The boys wanted more activity. So we walked downtown to Paragon Bootdoctors, to rent some “fat bikes” for a guided tour” up to Bridal Veil Falls, where Tesla helped design the world’s first hydroelectric plant. The bikes are modified mountain bikes, with huge tires, four inches wide, to give you better grab on the snow, and to provide a great work-out as you climb slowly out of town.
Upon our return, Ashley Boling squired us around downtown on a historic tour, which included a stop at the New Sheridan Hotel, with its original bar – and brass foot-rail – from 1895. Boling told us that the Wild West mining town kept the whiskey flowing during Prohibition. He seemed optimistic that the town’s six medical marijuana dispensaries for a town of 2,300 would prepare the town well for the legalized marijuana trade sometime in 2014.
Two-time Olympic gold medal snowboarder Seth Wescott, dining one night at Allred’s at the gondola’s midstation, told me he returns for the terrain, the feel of the place, and its 3,875 feet of elevation from the gondola in town up to the top of Revelation Bowl.
“It has a soul,” he said, sipping a Tempter IPA. “And the vertical is sick.”
From Telluride we drove 80 miles to Silverton Mountain, where you can access 1,800 of skiable acreage with a back-country guide, in a funky ski area served by a single lift, with nothing groomed, and no trail markings. We stayed in Silverton at the Teller House Hotel, a Victorian-era bed-and-breakfast in the sleepy town that once thrived during the gold mining days.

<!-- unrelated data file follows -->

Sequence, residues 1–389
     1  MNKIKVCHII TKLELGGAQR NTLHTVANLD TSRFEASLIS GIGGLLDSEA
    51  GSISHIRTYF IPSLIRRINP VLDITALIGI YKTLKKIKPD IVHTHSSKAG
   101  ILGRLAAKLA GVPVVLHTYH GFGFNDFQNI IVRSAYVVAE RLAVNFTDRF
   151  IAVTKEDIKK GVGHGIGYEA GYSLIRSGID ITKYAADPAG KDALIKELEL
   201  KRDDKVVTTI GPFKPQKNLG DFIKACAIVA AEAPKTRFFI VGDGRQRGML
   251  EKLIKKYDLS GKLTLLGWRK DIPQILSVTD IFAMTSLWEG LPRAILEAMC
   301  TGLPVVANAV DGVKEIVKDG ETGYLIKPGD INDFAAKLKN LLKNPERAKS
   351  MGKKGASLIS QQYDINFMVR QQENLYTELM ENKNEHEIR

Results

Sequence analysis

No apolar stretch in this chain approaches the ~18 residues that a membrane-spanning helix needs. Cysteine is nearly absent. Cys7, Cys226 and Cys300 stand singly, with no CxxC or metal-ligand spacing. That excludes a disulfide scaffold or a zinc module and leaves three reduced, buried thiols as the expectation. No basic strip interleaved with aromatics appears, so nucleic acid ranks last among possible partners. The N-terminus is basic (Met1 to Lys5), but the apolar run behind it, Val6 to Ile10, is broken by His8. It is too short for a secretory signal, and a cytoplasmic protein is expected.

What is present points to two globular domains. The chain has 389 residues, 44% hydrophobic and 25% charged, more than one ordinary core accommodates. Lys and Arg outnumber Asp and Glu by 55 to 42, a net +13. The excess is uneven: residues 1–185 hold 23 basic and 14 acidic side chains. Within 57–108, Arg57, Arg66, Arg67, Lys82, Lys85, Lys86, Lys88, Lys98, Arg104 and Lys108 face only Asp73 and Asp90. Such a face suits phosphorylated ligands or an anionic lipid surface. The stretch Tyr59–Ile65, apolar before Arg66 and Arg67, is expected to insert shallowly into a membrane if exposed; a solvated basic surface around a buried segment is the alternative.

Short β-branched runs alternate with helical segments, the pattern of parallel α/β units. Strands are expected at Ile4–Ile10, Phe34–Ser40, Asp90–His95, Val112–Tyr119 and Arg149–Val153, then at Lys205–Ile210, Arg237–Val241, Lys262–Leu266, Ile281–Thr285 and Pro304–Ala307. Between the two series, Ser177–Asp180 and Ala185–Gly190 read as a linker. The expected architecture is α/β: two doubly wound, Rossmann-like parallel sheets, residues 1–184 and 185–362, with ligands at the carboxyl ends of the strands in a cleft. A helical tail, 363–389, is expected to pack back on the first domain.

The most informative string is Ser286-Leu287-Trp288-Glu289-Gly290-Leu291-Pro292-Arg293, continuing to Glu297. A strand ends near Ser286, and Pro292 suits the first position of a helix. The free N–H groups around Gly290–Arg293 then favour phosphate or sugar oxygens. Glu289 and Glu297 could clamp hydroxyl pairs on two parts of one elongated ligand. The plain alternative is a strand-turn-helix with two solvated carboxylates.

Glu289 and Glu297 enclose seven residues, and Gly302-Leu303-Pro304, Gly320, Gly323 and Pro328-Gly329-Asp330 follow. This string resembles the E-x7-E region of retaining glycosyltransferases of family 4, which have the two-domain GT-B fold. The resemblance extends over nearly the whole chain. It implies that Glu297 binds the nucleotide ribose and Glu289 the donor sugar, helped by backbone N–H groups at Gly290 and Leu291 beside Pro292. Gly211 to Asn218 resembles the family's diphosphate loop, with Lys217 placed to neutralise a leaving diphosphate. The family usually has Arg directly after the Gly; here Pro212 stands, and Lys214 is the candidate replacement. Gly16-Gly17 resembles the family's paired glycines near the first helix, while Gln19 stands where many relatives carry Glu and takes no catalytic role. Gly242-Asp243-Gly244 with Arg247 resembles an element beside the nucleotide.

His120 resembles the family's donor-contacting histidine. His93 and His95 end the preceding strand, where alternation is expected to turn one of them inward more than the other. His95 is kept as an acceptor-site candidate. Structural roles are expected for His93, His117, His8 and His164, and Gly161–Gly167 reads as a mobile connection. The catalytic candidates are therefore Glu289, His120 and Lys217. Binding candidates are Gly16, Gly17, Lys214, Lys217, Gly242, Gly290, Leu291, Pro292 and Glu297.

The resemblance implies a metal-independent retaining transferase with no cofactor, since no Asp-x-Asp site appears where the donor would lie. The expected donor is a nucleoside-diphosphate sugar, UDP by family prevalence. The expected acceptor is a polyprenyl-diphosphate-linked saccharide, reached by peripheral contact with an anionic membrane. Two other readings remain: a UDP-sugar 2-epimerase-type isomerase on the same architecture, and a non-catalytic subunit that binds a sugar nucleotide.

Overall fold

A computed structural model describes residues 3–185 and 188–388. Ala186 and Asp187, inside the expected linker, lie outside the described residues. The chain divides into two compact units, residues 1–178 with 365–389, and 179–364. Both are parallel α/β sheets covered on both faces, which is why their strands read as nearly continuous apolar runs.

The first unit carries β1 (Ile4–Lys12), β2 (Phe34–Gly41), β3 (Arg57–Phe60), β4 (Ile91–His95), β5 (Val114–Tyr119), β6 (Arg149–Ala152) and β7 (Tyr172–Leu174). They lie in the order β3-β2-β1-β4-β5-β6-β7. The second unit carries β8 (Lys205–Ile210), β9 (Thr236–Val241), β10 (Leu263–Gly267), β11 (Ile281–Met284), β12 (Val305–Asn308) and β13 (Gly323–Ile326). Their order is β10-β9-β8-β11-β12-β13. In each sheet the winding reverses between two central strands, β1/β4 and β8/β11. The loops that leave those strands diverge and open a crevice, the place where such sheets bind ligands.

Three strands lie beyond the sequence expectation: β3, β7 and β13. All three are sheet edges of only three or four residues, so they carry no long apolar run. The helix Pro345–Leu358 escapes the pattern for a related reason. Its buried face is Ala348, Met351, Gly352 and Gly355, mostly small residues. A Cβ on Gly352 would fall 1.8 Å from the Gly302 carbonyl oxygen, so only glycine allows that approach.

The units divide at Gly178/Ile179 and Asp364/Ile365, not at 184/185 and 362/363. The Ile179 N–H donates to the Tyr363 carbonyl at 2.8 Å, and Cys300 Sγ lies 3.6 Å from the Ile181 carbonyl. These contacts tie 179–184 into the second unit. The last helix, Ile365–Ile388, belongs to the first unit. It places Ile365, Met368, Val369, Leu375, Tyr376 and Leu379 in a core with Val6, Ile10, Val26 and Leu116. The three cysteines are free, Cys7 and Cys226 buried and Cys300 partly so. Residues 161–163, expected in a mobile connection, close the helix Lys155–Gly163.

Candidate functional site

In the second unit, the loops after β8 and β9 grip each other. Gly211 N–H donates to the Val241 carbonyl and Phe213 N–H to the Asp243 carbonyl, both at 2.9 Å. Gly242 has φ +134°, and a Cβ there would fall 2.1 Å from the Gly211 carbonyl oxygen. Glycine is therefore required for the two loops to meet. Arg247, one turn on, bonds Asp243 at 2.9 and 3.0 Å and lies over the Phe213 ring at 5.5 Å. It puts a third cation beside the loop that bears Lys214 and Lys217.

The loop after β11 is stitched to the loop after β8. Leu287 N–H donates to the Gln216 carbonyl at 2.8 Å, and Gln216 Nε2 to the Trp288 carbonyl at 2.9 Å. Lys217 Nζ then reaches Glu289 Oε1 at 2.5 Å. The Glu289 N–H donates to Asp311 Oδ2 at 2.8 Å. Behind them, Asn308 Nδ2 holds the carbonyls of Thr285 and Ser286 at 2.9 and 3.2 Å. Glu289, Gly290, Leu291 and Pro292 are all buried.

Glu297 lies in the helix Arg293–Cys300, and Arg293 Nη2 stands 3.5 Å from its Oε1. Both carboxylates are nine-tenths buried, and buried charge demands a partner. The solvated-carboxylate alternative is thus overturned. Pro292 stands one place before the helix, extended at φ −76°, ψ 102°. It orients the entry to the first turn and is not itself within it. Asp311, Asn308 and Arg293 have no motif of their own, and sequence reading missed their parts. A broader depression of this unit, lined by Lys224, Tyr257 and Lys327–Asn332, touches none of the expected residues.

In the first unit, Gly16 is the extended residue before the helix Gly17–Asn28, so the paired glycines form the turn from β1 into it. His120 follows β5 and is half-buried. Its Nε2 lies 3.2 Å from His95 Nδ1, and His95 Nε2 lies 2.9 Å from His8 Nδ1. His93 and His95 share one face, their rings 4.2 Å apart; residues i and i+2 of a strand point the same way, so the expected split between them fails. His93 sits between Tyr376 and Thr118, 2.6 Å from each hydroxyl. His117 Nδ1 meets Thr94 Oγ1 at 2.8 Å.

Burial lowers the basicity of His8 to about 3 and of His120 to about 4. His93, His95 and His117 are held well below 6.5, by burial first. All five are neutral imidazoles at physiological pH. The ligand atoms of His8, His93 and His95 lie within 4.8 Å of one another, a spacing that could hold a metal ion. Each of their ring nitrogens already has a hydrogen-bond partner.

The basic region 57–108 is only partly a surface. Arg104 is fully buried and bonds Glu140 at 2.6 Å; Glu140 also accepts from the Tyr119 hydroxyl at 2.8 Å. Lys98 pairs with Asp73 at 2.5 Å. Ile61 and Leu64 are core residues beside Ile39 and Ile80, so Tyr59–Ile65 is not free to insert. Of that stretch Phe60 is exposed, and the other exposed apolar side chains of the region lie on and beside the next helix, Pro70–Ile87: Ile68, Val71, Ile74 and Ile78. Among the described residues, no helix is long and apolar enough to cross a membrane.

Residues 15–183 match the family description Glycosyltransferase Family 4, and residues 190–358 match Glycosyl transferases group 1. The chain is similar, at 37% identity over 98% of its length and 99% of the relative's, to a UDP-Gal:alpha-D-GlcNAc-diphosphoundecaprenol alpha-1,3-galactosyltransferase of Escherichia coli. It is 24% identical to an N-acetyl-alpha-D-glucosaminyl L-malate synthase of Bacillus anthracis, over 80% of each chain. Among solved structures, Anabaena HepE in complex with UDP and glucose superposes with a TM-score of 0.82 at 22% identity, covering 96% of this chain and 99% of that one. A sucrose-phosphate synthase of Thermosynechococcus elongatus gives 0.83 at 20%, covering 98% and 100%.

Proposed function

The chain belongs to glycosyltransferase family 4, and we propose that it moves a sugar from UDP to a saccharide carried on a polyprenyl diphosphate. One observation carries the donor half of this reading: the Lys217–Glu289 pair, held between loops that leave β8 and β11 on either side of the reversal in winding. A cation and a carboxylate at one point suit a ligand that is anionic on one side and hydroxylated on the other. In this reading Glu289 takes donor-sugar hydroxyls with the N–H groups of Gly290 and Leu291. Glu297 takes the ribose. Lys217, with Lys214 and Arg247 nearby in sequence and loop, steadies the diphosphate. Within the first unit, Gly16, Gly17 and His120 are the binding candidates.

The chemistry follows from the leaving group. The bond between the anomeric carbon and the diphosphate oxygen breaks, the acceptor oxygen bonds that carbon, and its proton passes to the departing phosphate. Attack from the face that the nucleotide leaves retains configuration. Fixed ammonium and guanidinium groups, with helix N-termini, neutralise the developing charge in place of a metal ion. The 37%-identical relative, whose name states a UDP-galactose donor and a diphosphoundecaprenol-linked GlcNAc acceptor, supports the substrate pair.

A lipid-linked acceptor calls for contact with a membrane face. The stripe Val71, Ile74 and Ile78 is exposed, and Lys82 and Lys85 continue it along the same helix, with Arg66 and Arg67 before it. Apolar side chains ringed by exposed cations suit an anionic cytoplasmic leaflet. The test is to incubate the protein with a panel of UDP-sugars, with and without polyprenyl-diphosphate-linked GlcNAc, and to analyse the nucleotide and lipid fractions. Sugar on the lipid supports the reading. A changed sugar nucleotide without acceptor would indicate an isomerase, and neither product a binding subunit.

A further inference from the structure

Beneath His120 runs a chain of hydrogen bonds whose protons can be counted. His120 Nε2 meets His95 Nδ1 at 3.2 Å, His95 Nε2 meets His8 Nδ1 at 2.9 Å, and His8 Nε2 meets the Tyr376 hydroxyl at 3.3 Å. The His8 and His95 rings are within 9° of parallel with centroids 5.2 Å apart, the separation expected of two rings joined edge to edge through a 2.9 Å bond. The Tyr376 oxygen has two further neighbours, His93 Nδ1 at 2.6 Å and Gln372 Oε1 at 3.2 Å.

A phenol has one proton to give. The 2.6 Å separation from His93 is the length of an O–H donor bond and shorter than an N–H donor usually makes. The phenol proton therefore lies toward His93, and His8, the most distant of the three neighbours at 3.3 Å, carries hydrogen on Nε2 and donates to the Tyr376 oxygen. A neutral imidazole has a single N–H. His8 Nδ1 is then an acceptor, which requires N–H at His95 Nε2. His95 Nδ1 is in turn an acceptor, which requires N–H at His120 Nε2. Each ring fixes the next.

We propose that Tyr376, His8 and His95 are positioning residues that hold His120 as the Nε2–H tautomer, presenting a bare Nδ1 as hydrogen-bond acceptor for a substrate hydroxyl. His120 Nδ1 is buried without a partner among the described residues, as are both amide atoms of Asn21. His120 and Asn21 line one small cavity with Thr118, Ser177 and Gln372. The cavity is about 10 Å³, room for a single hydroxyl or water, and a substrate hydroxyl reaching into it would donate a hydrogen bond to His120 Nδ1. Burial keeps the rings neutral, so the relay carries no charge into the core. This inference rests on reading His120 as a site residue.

Now it serves vacationers, including the skiers who pay $139 a day to be guided on the mountain, in groups of up to eight. The terrain is steep, and you have to hike to much of it.
Our guide, Marc Kloster, met us at the base – at 10,400 elevation. The lift takes you to 12,300, and there’s another 1,000 of vertical you can hike to reach 13,487 – the highest –point for lift-served skiing in North America. We didn’t hike all the way, but we headed up for 45 minutes to reach the steep snowfield called Rope Dee Dope, pointed our skis down, and followed Kloster’s line down through powder, finding our rhythm in big, swooping turns.